Wednesday, 25 January 2012


If you followed my recent Blog about a Friendship Quilt 1850's with many names inscribed, including lots of different Dillinghams, you could be surprised to know that within 10 days it has been claimed by a modern Dillingham and will be winging its way to US shortly - what a chance that someone noticed it - and I only have 100 regular followers and few in the States of course.   The power of advertising!
Talking of quilts - I do recommend you to go and visit Jen Jones' wonderful Museum and huge collection of Welsh quilts and blankets in Lampeter - click on Jen Jones Quilts for details.  She is one of my oldest textile friends and has built her business up from very small beginnings and become the world expert - and she is American by birth.  The American Museum near here has a fabulous collection, a best one from each State, and lots of books, classes and info.  Try Linda Clift for quilts - she is a very good source for all kinds, from quite cheap chicken feed 30's ones suitable for children - to the very elaborate and early print ones.
 from France.  She attends all the Talent for Textile Fairs and also has some very original FairIsle knit woollen ones which are unique.

Garments for Ghosts?

The creamy shirts on my drying ground have a very deja vu look - but they are sturdy, hand -made shirts as worn by many generations of hard-working French peasants. This lot, all of a similar shape and design, all came to me done up with hemp string, in lots of 5 and wrapped in blue 'sugar' paper. They had obviously been made for some girl's dowry -the women brought such things, including grain sacks, seed bags and much else, to the marriage contract. All was stored in special cupboards (armoires) and the marriage documents kept with the bridal crown (a very pretty affair of pearls, wax orange blossom flowers and fine metal decorations). I used to find similar parcels of unused linen nightgowns all beautifully initialled, but often in rather scratchy, coarse linen. I once bought 72 identical unused nighties from an old lady, and she told me that very often the brides put on weight and were continually pregnant or nursing babies, so the gowns were too small and slim and were hardly used. The same thing happened with the men's shirts - the workers grew large muscles, broad backs and maybe large bellies and the clothes stayed in the armoires too small to work in. I don't suppose the nuns who usually made these garments had much idea of sizing and just copied the original pattern which Mother Superior told them to copy. Look at the tiny gussets (triangular insertions for 'give') at vital stress points, sleeve openings, shoulder seams, underarms and tail seams and you must marvel at the skill and industry of those bygone needlewomen.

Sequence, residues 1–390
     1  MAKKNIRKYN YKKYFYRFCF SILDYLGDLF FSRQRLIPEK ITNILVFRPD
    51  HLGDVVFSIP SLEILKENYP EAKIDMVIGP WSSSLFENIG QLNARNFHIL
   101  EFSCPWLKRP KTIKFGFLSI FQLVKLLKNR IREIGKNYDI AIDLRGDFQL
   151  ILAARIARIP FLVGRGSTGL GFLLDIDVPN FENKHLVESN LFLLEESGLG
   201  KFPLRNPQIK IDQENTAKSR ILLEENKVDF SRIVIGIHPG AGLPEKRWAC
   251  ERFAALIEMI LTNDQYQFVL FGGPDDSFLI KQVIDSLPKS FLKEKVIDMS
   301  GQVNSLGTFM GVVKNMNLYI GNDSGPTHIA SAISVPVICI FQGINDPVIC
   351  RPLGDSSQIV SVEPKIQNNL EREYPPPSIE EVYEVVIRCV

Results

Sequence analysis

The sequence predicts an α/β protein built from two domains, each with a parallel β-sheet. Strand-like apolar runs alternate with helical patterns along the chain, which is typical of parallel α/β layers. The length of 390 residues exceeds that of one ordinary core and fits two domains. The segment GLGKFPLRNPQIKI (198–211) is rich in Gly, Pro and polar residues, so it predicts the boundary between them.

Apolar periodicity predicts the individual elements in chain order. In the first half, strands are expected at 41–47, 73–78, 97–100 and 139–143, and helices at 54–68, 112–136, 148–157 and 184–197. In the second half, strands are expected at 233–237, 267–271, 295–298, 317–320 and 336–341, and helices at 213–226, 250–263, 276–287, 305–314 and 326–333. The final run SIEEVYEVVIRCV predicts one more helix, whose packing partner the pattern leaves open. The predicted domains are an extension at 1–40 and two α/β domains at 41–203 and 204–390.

Monday, 16 January 2012


     The top bobble fringe is one I have used on my own ticking loose covers round the hem - I no longer have 'skirts' on my covers.   Second is a cotton 'string' fringe which comes in pure white, and blue and white, and is very useful if you want a simple finish to cushions and curtains.  The third is a pretty gimp for finishing chair seats and the last is a lovely 'pom pom' fringe which I have used on my best chintz cushions (It does go 'bald' after a time but it is one of my favourites so I renew it from time to time. 
    Passementerie  is one of the glories of French vintage decoration, whether it is the finishing touch on a cushion, the leading edge of fine curtains, the final trim on silken lampshades or round the hem of the easy chairs known as 'crapauds'.  The variety seems unending, the colour range immense and the ingenuity and skill of the workers making these intricate designs is amazing!   Once upon a time you could buy them, so much per card,  in long lengths, left-overs from decorating jobs done by the seamstresses and sold by the boxful,- now, you sometimes find the odd length all priced per yard and not much discount for the whole card! so it has all become very expensive.  Similarly the tie-backs for curtains with their plaited silk cords, tassels and fringes, rare and rich, go for over £80 each and if you have 3 windows in your best room, this is quite an addition to all the other costs of dressing a big window in vintage style.   Most of this work is still done in France, Spain and Italy, but there are a couple of English firms that can copy and and supply these quality decorations.  I was surprised to see that one of them of long standing, Brian Turner,  is based in Sawbridgeworth, nr. Bishops Stortford, where I used to live a long time ago when I had not discovered the fascinating world of old textiles.   I could have been a nuisance and watched them make this highly skilled and intricate stuff!

Tuesday, 10 January 2012